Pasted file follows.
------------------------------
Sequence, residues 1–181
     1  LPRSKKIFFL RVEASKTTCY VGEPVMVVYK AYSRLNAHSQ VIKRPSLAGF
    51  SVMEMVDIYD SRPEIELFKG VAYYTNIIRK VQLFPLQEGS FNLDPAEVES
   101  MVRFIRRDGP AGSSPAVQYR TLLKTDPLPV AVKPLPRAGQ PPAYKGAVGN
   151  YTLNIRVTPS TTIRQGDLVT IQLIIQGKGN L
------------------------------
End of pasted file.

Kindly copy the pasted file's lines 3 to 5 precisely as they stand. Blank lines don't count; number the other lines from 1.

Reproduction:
    51  SVMEMVDIYD SRPEIELFKG VAYYTNIIRK VQLFPLQEGS FNLDPAEVES
   101  MVRFIRRDGP AGSSPAVQYR TLLKTDPLPV AVKPLPRAGQ PPAYKGAVGN
   151  YTLNIRVTPS TTIRQGDLVT IQLIIQGKGN L